Les méthodologiques développées dans le cadre de l’IHU concernent en particulier la gestion spatio-temporelle des données et une identification des polluants potentiels associés à chacune des sources de pollutions potentielles recensées à l’échelle de la parcelle cadastrale. L’analyse des activités, produits et procédés et leur succession permet de proposer cinq niveaux de potentialité par polluant : nul à très faible, faible, moyen, fort, très fort. Les couches d’informations géoréférencées et les bases de données associées vont être intégrées au SIG de la collectivité et être consultables par les différents services et les aménageurs à partir de requêtes prédéfinies ou créées par l’opérateur. La base de données BASIAS, outil de communication vers les citoyens, a été en outre mise à jour. Sur l’Ile de Nantes, le nombre de site recensés est ainsi passé de 94 initialement à 199 au final.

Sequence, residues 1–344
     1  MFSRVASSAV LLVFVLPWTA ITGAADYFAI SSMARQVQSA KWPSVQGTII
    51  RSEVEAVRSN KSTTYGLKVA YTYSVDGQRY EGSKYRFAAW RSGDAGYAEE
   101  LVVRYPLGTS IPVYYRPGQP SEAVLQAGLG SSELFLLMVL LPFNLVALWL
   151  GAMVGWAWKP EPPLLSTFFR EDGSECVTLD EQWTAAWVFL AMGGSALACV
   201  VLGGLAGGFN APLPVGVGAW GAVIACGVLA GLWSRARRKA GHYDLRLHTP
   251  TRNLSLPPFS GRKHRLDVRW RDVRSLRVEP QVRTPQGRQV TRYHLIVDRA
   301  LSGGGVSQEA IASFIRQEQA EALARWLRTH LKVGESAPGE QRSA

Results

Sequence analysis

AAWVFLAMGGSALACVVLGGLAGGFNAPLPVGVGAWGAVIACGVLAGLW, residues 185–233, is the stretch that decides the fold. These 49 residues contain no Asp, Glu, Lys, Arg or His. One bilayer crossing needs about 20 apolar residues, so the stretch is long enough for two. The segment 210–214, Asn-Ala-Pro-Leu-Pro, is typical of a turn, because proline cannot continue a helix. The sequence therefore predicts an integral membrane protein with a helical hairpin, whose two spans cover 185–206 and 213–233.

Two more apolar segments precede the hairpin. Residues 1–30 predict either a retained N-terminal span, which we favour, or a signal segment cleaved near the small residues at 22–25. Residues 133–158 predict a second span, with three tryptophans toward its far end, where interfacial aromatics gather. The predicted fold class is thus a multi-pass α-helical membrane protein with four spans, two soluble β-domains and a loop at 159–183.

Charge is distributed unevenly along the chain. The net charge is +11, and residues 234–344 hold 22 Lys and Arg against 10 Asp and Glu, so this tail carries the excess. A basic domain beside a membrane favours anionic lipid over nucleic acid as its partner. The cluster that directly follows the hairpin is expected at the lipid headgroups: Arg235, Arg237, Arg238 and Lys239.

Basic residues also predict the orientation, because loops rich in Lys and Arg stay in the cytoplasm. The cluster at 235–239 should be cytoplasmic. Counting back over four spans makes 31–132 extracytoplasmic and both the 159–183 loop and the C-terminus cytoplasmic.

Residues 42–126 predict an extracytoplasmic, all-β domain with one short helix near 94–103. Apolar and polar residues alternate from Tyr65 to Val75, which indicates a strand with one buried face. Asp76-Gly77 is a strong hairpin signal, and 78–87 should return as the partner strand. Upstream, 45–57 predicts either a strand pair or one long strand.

Dans le cadre de la cartographie des remblais, un des challenges a été de définir une typologie de remblais ayant un sens géochimique et géologique permettant de les distinguer selon leur potentiel polluant intrinsèque. Pour ce faire, une démarche itérative a été mise en place. Elle s’appuie sur une synthèse bibliographique internationale, sur les données de sondages collectées et sur la vérification de la pertinence de la typologie par croisement avec des données de géochimie rassemblées dans une base de données géoréférencées. 3 types de remblais ont été définis. Ils présentent respectivement un potentiel de contamination intrinsèque fort, moyen ou faible selon la qualité des matériaux contenus (ex. scories, mâchefers, …). Cette typologie a été utilisée pour visualiser les différents types de remblais selon plusieurs modes de représentation (3D sous GDM, 2D sous ArcGis).